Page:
Background Idiopathic noncirrhotic portal hypertension (INCPH) is a rare disease in the Western world. As a result, little is known about the clinical characteristics and outcome of these patients. Survival in these patients is considered to be similar to that of the general population. Aim To investigate the clinical manifestations, pathophysiology, outcome and determinants of survival in Western INCPH patients. Methods Multicentre cohort study of INCPH patients. Results A total of 62 patients were followed for a median time of 90 months (range 24-310). Initial manifestations leading to the diagnosis of INCPH were related to portal hypertension in 82% of the patients. Histological signs of portal blood supply disturbances were present in nearly all patients. During follow-up, 12 of 62 patients developed liver decompensation, of which four were considered for liver transplantation. One patient died in the context of variceal bleeding. Hepatocellular carcinoma was not observed during follow-up. A total of 23 patients died during follow-up, only four of them due to liver related mortality. The Kaplan-Meier estimates for overall survival were 100% (95% CI 95-100%), 78% (95% CI 67-89%) and 56% (95% CI 40-72%) at 1, 5 and 10 years respectively. Survival for INCPH was significantly decreased (P < 0.001) compared to survival of the general population. Ascites was an independent predictor of poor outcome. Conclusions In comparison to the general population, survival in INCPH patients is poor. Mortality is related to associated disorders and medical conditions occurring at older age. Patients rarely die due to liver related complications. Patients with ascites have a poor prognosis.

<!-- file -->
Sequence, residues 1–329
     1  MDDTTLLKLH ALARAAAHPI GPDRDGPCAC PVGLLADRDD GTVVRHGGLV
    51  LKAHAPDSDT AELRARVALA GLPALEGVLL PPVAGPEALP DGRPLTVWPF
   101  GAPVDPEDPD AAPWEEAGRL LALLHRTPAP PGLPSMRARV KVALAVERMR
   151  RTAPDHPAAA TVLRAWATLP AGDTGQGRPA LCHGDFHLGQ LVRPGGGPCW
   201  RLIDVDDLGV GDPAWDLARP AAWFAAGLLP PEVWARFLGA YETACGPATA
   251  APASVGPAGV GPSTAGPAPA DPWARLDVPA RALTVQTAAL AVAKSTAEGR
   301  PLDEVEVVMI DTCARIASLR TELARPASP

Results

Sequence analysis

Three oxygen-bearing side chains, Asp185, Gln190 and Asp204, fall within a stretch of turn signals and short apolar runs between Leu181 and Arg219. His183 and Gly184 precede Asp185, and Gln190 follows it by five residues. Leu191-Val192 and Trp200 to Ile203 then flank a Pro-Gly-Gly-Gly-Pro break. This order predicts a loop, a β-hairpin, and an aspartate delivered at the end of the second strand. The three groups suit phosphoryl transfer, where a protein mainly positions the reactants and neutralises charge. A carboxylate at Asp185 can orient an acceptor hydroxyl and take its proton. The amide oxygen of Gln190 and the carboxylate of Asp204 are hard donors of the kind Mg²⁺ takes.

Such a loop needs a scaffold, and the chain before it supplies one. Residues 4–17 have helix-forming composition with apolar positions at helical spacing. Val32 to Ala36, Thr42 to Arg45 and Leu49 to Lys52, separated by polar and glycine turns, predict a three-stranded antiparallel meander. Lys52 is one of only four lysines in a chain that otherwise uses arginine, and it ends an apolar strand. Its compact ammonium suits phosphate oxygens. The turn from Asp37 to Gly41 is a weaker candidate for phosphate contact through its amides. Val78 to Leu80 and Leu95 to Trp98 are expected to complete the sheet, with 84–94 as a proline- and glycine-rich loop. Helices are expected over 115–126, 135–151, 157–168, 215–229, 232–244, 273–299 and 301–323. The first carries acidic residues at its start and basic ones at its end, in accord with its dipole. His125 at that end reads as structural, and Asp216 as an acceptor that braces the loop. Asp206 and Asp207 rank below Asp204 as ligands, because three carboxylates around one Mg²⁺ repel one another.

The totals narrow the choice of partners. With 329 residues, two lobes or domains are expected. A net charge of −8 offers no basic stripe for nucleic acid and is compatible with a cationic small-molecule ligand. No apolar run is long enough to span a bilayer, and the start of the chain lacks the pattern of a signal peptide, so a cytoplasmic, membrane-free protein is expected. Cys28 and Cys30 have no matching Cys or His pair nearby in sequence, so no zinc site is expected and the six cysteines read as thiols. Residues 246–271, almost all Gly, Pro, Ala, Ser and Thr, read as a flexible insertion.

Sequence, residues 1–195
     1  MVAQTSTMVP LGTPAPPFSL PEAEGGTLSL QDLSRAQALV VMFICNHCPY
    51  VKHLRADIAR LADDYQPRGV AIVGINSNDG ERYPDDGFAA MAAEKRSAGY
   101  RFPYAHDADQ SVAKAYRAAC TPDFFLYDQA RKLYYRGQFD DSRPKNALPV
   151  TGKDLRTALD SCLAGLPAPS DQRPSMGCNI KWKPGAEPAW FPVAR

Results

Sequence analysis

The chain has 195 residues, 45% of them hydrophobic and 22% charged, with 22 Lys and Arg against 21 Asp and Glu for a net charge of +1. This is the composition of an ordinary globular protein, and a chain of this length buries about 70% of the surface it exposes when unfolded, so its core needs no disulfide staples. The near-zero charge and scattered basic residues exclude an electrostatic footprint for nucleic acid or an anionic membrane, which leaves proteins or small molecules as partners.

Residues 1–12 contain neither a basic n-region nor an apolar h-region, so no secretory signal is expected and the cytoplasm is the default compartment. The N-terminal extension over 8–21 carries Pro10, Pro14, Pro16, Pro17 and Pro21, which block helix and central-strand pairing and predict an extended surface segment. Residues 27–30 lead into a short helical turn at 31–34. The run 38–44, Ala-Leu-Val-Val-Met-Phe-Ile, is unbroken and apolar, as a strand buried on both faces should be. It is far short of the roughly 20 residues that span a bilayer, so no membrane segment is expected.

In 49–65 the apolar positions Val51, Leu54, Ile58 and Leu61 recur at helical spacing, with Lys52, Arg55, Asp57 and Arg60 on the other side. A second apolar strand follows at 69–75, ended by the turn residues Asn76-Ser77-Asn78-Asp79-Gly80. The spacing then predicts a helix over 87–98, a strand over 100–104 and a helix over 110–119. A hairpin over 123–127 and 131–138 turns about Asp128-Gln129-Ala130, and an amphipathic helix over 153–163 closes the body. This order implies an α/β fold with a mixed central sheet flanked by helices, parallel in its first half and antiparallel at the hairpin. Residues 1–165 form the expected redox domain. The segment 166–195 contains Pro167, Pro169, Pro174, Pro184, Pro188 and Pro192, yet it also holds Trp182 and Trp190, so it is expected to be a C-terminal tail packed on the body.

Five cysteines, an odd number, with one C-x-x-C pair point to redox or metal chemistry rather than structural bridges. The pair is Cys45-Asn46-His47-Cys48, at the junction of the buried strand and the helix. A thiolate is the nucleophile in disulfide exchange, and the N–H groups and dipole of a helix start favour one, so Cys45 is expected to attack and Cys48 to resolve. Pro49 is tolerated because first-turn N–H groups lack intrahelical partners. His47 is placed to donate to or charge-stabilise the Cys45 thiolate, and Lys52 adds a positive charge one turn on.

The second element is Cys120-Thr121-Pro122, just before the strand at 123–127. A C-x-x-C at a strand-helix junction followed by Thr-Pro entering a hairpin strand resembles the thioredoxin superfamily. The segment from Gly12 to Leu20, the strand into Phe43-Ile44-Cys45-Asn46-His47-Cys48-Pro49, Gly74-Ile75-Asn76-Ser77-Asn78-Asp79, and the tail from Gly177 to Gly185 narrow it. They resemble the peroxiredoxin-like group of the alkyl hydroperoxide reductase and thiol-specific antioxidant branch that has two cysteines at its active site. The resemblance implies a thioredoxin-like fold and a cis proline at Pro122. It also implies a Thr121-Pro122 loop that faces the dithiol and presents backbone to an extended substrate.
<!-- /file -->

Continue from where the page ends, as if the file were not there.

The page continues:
Additional Metadata
Persistent URL dx.doi.org/10.1111/j.1365-2036.2012.05112.x, hdl.handle.net/1765/57441
Journal Alimentary Pharmacology and Therapeutics
Citation
Schouten, J.N, Nevens, F, Hansen, B.E, Laleman, W, van den Born, M, Komuta, M, … Janssen, H.L.A. (2012). Idiopathic noncirrhotic portal hypertension is associated with poor survival: Results of a long-term cohort study. Alimentary Pharmacology and Therapeutics, 35(12), 1424–1433. doi:10.1111/j.1365-2036.2012.05112.x